Switzerland keen to expand ties with India in skill training
With the global demand for skilled workers growing rapidly, Switzerland is keen on expanding its ties with India in skill training and education initiatives by opening at least four more centres in the country. Though a beginning has already been made in this direction with a Vocational Educational Training centre in Bangalore under the Swiss VET Initiative in India (SVTII), the agencies involved are keen on firming up and broadbasing the collaboration, possibly through a memorandum of agreement with the Ministry of Skill Development and Entrepreneurship.
"It is important that the government start sharing. This will help strengthen and expand the project to areas other than the traditional segments like mechanical and electrical works to food processing, hospitality industry and factory management", said Franz Probst, founder and chairman of SkillSonics, which has a skill training facility in Bangalore. "To start with, there could be at least four centres in four regions of India", said Probst during a presentation for a visiting team of Indian officials, planners and mediapersons at the Swiss Federal Institute for Vocational Education and Training (SFIVET) in Bern.
"We look forward to discuss with Minister Rajiv Pratap Rudy. A working group could be going to India to explore the potential and strengthen the partnership", he said. "An agreement between the two governments will make the initiative stronger as far as knowhow sharing, certification and identifying and implementing lead projects. The scheme could then be rolled out to both private and public sectors", he said. The SVITII is modelled on the Swiss system of vocational education and training methodology of imparting skill training to students at a young age with the support of the industry, including major players like elevator maker Schindler.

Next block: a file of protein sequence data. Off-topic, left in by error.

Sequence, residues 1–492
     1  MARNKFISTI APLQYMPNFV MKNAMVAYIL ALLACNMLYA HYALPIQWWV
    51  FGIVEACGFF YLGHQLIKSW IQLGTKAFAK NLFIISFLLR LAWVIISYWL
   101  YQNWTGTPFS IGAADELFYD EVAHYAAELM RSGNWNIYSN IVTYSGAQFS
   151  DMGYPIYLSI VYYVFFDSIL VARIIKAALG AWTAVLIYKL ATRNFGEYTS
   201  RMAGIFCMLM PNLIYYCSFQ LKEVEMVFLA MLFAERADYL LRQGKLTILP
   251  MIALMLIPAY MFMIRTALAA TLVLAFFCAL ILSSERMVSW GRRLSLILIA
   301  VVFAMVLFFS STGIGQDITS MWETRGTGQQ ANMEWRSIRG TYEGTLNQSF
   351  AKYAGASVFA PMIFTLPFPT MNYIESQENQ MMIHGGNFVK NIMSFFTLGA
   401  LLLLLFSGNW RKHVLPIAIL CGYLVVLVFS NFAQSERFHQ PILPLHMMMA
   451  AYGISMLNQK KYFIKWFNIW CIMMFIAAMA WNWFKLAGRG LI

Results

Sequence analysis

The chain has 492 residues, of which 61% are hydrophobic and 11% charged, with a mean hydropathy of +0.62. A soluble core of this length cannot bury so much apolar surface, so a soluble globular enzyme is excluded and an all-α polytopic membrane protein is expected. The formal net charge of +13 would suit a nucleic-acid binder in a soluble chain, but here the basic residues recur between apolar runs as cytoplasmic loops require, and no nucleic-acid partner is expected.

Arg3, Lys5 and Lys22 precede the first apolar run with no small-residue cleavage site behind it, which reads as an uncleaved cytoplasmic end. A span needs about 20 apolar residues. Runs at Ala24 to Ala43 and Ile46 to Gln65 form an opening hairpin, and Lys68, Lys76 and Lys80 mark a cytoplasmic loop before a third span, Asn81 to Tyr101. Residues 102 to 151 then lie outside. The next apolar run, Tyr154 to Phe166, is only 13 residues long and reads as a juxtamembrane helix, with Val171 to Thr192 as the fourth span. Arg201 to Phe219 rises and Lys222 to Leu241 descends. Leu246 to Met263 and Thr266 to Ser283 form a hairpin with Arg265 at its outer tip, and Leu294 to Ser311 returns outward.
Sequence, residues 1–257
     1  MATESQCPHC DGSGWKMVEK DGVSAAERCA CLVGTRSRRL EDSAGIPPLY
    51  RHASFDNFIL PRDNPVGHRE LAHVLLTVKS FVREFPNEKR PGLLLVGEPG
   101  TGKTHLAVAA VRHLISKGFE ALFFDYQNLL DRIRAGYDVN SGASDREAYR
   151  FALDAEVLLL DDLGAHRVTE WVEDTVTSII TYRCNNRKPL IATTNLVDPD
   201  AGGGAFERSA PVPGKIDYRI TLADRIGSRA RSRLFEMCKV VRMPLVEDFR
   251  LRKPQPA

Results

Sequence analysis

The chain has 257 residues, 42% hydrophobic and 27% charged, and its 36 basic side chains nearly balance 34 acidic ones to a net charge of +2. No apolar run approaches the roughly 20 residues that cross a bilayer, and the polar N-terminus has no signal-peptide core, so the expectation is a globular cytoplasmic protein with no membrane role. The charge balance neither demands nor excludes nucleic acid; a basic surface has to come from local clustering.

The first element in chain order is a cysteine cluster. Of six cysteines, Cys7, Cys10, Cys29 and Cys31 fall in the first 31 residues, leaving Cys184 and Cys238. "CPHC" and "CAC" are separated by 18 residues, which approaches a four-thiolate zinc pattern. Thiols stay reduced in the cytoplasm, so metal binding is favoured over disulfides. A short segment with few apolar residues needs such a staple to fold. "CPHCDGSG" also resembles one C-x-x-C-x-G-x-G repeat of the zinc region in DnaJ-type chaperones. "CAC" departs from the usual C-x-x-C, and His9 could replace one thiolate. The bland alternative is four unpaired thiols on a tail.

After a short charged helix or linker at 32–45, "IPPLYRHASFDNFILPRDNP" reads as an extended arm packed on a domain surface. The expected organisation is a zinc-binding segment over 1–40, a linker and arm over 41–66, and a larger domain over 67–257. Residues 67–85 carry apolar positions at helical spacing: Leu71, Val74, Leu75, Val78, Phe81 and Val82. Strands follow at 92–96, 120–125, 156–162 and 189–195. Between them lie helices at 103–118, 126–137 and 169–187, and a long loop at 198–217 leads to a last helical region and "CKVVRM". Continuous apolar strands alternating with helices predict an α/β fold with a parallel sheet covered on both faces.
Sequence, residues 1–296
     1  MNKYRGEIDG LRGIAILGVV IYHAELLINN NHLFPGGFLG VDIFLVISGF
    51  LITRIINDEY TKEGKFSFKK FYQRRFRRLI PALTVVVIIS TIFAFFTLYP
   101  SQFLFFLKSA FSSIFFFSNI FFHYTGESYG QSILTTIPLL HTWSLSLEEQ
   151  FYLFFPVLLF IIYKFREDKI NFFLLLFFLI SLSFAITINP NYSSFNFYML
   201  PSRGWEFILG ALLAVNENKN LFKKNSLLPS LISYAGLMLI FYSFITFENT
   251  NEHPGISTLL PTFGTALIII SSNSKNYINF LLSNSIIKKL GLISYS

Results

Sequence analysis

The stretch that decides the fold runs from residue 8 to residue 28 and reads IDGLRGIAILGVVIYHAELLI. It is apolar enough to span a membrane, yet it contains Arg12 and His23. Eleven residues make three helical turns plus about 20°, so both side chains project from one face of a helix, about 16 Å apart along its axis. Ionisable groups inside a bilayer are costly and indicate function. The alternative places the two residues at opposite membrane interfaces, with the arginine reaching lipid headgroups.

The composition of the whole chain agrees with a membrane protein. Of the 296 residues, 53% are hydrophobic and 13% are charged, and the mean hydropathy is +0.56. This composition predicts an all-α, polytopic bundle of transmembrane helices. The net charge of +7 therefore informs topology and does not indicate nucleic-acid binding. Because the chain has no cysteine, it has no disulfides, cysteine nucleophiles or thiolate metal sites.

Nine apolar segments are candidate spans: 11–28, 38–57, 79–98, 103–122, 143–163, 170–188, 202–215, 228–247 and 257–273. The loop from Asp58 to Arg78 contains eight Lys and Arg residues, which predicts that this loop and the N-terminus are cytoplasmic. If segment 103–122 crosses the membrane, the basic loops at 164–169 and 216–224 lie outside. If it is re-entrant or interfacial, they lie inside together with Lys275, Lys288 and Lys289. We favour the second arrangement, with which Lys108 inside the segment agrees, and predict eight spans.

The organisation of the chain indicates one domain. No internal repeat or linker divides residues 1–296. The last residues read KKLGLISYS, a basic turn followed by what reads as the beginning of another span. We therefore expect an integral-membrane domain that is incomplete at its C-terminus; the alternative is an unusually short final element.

Schindler, which has vocational education programmes in its plants, train about 300 apprentices at its headquarters in Ebikon and other branches. According to Probst, a key feature of the scheme is that it adapts its programmes, courseware and delivery to suit the needs of industries in India and other parts of the world, factoring in local education and training system as well as socio economic conditions. Apart from SFIVET, the initiative is supported by agencies like State Secretariat for Education and Research (SERI) and the industry bodies.
Its Indian partners include National Skill Development Corporation and the Confederation of Indian Industry (CII). "The need for skill workers is growing in world over, especially in a country like India. Switzerland has a successful model and we are ready to strengthen our partnership with India in this vital area", said Mauro Moruzzi, Ambassador, SERI. Apart from VET, there is also a "huge potential" in collaboration with India in exchange of higher science and technology education and research, said Moruzzi.
He, however, said things could still improve from Indian side if there is a direct funding method to support aspirants coming for higher scientific studies in Switzerland in place of the existing system of clearing it through ministries. "Now, there is a little handicap. Now it is done through various ministries. Of course, it is a policy decision on the part of India", he added.
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